As I race through the infested forest of Belate, a jungle as thick as your amazons, running for my life so this lizard-snakes mother doesn’t chomp its jaws down on my blue behind, I try to run through brain exercises to distract myself from my impending doom.
Think happy thoughts, Tiberia. Think happy thoughts.
Ah, scalpels. Yes, scalpels make me happy. Specifically, my scalpels. Cleaning them in cloric acid, watching the silver shine through.
Money. Money makes me happy. Money makes me very happy. Perchance, if I had some money, I would not be running for my life, with a dead snake head in my sack, and its mother slithering behind me, “Ah!”
I jumped with a screech as the snake clamped down on my tail. The poor thing, I had just grown that back.
With its length, it whipped its head back and yanked me off the ground. In an effort to save myself, I pulled a scalpel from my boot, twisted my body and sliced my own skin, cutting my tail as close to its jaws I could get, and fell back down against the vine floor.
Dirt. I was now really happy for dirt. Nice, soft dirt. For if it weren’t for dirt, I would probably have a shattered collar bone, or worse, a broken spine.
And a tail that grew back. Yes, I was very happy for a regenerating tail. My balance would be off for a day or two, but my tail was a rather resilient limb, in that it would stop bleeding after an hour or two and slowly grow itself back. In fact, as most species would consider it a pest during battle, I cherished my tail, as it could hold the light when I did not have a proper lab with the proper lighting to do my work in.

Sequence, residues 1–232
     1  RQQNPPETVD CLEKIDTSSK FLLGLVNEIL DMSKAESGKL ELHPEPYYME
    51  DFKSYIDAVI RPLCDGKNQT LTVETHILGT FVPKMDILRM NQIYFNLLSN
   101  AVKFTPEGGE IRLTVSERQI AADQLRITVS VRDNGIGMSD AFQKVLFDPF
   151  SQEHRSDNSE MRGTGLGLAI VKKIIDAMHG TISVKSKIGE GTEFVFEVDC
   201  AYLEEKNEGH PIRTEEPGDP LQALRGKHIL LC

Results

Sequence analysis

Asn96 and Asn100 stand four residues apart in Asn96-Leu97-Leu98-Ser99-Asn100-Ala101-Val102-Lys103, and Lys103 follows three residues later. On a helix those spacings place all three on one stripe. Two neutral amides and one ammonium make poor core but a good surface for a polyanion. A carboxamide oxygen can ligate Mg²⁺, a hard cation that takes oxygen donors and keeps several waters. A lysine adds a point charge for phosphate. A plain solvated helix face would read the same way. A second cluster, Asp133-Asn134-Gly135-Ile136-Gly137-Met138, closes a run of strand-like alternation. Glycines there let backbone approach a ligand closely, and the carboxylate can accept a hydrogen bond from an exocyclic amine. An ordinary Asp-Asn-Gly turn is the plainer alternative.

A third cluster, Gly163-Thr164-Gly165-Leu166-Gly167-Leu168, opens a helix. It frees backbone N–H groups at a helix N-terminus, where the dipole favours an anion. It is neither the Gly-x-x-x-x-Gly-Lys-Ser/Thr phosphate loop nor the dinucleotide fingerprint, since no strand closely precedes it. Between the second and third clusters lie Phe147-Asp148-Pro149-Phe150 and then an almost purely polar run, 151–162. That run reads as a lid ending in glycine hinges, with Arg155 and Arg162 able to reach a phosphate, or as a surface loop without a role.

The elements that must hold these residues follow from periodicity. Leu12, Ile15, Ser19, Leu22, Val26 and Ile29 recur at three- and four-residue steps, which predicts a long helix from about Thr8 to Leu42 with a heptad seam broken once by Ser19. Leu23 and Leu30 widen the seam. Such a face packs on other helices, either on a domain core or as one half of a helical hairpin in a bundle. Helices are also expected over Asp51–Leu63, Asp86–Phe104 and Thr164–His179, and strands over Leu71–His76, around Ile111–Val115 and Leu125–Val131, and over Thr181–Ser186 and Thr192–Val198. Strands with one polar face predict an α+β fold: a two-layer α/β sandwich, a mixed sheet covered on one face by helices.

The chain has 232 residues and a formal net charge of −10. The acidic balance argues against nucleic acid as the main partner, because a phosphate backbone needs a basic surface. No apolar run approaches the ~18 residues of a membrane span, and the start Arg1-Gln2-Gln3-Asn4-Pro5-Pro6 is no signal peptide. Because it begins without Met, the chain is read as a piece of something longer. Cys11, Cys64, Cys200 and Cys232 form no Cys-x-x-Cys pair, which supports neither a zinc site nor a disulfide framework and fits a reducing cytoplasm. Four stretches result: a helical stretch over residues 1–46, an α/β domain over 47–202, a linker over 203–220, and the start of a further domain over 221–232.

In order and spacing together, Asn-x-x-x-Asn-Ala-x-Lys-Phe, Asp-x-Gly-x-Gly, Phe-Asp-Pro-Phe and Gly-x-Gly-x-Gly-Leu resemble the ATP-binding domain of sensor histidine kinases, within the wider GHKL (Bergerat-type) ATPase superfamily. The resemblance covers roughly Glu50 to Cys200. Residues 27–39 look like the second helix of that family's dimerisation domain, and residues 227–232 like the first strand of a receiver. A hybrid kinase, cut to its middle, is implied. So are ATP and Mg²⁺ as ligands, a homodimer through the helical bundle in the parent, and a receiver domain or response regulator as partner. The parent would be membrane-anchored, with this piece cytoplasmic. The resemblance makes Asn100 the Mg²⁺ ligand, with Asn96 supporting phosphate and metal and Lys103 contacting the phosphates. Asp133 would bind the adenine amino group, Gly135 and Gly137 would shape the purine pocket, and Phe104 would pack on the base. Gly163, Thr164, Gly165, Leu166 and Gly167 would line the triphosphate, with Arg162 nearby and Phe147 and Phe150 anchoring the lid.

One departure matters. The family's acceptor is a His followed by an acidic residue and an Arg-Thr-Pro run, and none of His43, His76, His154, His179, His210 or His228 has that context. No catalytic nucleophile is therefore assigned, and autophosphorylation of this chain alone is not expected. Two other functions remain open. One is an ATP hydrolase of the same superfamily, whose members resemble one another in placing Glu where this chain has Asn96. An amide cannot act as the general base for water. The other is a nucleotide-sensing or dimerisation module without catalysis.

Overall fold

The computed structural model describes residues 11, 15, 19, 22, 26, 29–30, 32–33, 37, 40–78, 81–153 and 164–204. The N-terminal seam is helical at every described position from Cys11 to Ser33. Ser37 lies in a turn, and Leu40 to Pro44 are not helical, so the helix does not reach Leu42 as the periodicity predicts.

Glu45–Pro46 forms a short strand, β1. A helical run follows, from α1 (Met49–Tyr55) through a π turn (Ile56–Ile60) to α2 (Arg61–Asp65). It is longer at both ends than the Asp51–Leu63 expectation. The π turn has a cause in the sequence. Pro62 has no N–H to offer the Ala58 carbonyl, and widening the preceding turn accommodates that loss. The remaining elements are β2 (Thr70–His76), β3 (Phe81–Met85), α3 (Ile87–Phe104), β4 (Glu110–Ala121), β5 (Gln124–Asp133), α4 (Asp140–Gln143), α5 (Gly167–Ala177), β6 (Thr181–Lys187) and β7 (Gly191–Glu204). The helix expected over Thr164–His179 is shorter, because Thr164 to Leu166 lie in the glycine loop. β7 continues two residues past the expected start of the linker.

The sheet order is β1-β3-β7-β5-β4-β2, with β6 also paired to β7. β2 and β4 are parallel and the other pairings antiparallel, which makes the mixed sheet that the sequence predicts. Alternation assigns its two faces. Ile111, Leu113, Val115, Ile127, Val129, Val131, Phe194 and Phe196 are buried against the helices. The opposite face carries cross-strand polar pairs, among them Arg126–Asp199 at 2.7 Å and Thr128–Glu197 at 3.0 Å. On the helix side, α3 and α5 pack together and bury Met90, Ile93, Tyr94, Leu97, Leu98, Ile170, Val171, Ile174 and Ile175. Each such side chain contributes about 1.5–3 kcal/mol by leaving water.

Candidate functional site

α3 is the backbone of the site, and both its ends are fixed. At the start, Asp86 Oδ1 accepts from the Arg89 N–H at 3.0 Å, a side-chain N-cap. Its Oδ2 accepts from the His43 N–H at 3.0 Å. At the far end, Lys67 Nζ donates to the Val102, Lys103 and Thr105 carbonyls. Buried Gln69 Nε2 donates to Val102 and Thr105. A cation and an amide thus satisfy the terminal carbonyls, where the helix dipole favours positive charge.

I huffed and clawed at the ground to get back to my feet, blood spilling from my gaping would. That would need to be clamped soon, though, so I did not attract more ferocious animals.
Running once more while this mother Spiner finished off what little of my tail she had devoured, I scanned the area around me for a plant that would paralyze, or poison the beast. My eyes and nose were of average use to me, I was happy that my thirst for knowledge has trained them in the ways of botany.
There, in front of me were gooberries, a blue carnivorous plant that released a sweet paralyzing goo as it touched your tasteful, before shooting thorns from the fruit to rip an eaters throat and stomach open.
I had never been more happier to spot a carnivorous plant. I snagged the base of the plant and tugged as hard as I could. I was yanked off my feet, unable to uproot the plant with my strength, and fell flat on my back. Oh for the love of science, why did I have to be so weak!
The beast slowed its slithering, reeled its head back and dove straight down to swallow me in one blow. My mono-blade stuck in my backpack, I had no time to retrieve it before I was Spiner food. I let go and rolled away as far as I could, happy for my quick thinking skills. The large snake dug its teeth into the dirt, snapped down on the gooberries and swallowed.
I finally stopped in a pile of ivy, and covered my head counting backwards from three,
The Spiner’s stomach bulged out and exploded, shooting its guts twenty feet outward. If it had not been for my weak strength, it may not have swallowed those gooberries. And for that, I was very happy that I had spent my lifetime training my mind and not my body.
As I was a female of science and not religion, I did not put much faith into divine intervention. However, I did believe in luck. And I was very happy of how lucky I had been these past few weeks.
I stood and brushed the snakes guts and ivy from my chest and legs, happy and delighted to be born a Torbe, a species that was naturally resilient to most poisonous plants.
I took a moment to clamp my tail, hissing in pain. Then, I retrieved my mono-blade from my sack, cut part of the Spiner’s head off, the part with the venom, and retraced my steps back to civilization, to claim my reward.